Creative Fever: Vision Board Workshop

Creative Fever: Vision Board Workshop



The ‘Creative Fever: Vision Board’ workshop, organised by the Project 668 Team, had taken place on Sunday, 26th March and it was also my first induction as the newly appointed ‘Event Officer’ to the organisation’s activities.

Let me first introduce myself, my name is Emma Rainey, I come from Belfast, Northern Ireland and I have been living in Brussels, Belgium for the last 5 years. I’ve worked in the area of project management and have been involved in the nonprofit sector, working in the areas of child protection and gender equality. My star sign is Scorpio, I enjoy watching period dramas, I love travelling, and I’m also a self-confessed politics and history geek.

The work of Project 668 had attracted me to join the organisation, the idea of a group of young professionals setting up an NGO to combat youth unemployment through professional development was a vision I could very much get on board with. I myself, like many of my 20-something year old peers, have been in the position of being a part of the youth unemployed at one point or another. Therefore, the Project 668 #SharingIsCaring ethos in where we support each other through developing skills and exchanging information can never be understated in its importance.

When I stepped into the venue of where the workshop was being hosted, Bon Jour Bruxelles, I felt completely uplifted by the surroundings at once. The decor was scandinavian in style with a chic twist, and there was lots of quirky details around the brightly lit room. It was certainly something you would find on a Pinterest board for interior design goals.

Once myself and the team had set up the materials, Lidija Globokar, the President and Co-Founder of Project 668, gave an inspiring introduction about the vision board workshop and how it was part of Project 668’s ‘Year of Creativity’. The idea behind creating a vision board is that it becomes a visual aid to help you focus and map out your professional and personal life goals. We had provided magazines, newspapers, glue, glitter, colouring markers and pencils, and other crafting materials. The sky was the limit in how creative you wanted to be with your board.


As the sun was streaming through the windows, the team and participants enjoyed interesting conversations about life and their future ambitions. We also had coffee and tasty treats, there was plenty of laughter and support was given when needed. All this happened whilst we were cutting and gluing images and words that reflected our deepest wishes. It was one of the nicest Sunday afternoons I’ve personally spent in a long time. You can see for yourself just how much fun we had on the workshop’s video here.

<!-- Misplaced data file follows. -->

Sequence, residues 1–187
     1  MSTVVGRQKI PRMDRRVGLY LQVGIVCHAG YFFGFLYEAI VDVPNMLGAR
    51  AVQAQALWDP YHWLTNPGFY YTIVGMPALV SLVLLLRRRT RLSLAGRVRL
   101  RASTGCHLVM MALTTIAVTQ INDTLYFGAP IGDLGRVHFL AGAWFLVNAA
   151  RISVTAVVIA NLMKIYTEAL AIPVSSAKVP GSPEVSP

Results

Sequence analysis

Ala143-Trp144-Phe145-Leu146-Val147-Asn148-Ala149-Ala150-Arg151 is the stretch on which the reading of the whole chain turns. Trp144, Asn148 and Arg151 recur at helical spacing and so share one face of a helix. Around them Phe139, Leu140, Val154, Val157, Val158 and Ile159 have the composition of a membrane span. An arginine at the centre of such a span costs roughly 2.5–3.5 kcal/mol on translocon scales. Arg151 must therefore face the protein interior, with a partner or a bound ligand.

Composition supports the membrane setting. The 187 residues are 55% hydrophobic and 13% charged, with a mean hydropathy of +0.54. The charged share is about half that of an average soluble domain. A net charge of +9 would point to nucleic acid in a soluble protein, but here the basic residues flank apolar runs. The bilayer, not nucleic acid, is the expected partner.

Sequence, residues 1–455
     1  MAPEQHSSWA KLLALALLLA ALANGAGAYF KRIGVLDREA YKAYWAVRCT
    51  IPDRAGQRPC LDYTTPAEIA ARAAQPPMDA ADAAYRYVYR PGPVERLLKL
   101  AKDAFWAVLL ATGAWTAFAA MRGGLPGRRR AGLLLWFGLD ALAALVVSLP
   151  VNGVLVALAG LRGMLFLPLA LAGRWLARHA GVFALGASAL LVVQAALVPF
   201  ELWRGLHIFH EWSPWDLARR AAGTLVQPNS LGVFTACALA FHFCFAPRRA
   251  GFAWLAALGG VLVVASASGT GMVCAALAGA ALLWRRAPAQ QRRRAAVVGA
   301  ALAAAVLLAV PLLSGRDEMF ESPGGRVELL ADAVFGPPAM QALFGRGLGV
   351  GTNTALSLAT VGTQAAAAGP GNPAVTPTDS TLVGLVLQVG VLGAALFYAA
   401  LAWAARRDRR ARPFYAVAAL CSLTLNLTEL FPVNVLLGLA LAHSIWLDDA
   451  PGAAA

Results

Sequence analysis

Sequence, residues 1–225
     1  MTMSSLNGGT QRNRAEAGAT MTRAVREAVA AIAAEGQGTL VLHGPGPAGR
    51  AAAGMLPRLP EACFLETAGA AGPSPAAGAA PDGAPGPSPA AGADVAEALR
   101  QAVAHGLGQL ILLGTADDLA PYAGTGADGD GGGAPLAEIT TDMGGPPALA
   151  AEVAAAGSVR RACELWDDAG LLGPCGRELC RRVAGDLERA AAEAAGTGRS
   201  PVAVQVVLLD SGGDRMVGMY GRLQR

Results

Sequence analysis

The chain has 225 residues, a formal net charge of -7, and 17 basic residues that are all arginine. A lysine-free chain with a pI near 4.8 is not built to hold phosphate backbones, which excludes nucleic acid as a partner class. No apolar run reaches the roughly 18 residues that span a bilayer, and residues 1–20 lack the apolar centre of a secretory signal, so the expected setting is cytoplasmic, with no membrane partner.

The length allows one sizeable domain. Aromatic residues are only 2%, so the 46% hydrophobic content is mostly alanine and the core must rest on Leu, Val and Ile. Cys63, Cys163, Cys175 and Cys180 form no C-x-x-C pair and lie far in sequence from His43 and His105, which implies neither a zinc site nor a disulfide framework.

As we finished our boards one-by-one, we each got up to present, explaining what each part meant, what we hoped to achieve by a given timeframe, how we were going to achieve that, and so forth. It was interesting to see how minimal some of the boards were but yet their owner could go into great detail discussing each part. Furthermore, even though each vision board was individual, and as were the dreams and ambitions attached to it, they all had the common themes of health, relationships, travel, career, education, and so forth. What was also interesting is that there was a sense of deep satisfaction amongst participants. By holding their vision board, not only had their life goals become visualised but they somehow were made to feel tangible.


As being the seriously meticulous and detailed person I am, I was the last to finish my board and thus, the last to present. It was called ‘My 5 Year Plan’ and had a section of buzzwords and motivational images to represent my career ambitions. My favourite piece is the arrow that I found in a newspaper section of the stock markets, to me it screamed the message ‘the only way is up’. The majority of my board though was dedicated to my personal life and to the goals I wanted to achieve. I’m just past my mid-20s and yet I have never learnt how to drive a car. For me, being able to drive is a form of freedom as being able to travel wherever and whenever you like is a skill every young person should have. I hope to be able to start my driving lessons next year and I’ll have my vision board to remind me of this promise.

The ‘Creative Fever: Vision Board’ workshop was a success in that it not only allowed participants to enjoy a relaxing Sunday afternoon being creative with like-minded peers, but it provided the opportunity to reflect on themselves as individuals and create something which represented their dreams and ambitions, whether they are professional or personal. When career planning, we often tend to do it in a methodical and sometimes boring way that it is difficult to become truly inspired to take action and to make things happen. I personally walked away from the workshop feeling positive and empowered, and that I was given a small gift of clarity and focus. My vision board is now placed over my work desk in my apartment and I see it every morning when I wake up. In all it’s weird, glittery, colourful, wonderfulness, it motivates me to get stuck in for the day and to start making my dreams become a reality.

by Emma Rainey


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